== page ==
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The IPCC stresses the importance of achieving net-zero CO2 emissions worldwide by 2050 and natural climate solutions, particularly carbon farming, can play a significant role in this goal. However, current markets do not account for environmental externalities, which creates a mismatch between individual costs and societal benefits. Payment systems linked to carbon farming practices could help bridge this gap. Research is essential to develop effective agricultural carbon markets, and this study focuses on the opportunities and challenges faced by smallholder farmers in these markets. The research examines four areas: agricultural markets as a funding source for carbon farming, payments for carbon sequestration, opportunities for smallholder farmers, and cost-effective monitoring and verification of carbon stocks. Further research is needed to monitor carbon sequestration accurately, reduce GHG emissions, and develop institutional arrangements to promote sustainable production methods in Africa.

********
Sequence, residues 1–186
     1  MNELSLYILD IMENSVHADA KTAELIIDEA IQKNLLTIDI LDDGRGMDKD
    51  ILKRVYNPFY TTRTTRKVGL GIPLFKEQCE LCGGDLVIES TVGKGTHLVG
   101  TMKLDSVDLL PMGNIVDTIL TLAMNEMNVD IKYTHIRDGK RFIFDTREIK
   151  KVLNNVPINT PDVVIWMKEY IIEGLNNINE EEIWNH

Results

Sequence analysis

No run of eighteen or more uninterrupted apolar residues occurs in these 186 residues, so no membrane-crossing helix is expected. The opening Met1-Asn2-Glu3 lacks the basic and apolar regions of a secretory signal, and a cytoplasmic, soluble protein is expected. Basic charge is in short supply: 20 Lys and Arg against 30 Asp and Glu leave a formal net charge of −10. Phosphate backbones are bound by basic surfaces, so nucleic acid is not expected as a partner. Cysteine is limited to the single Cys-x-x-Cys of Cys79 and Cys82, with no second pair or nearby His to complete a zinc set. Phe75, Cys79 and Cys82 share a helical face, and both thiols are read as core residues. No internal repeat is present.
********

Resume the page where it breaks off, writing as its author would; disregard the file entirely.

Published as ZEF Working Paper No. 221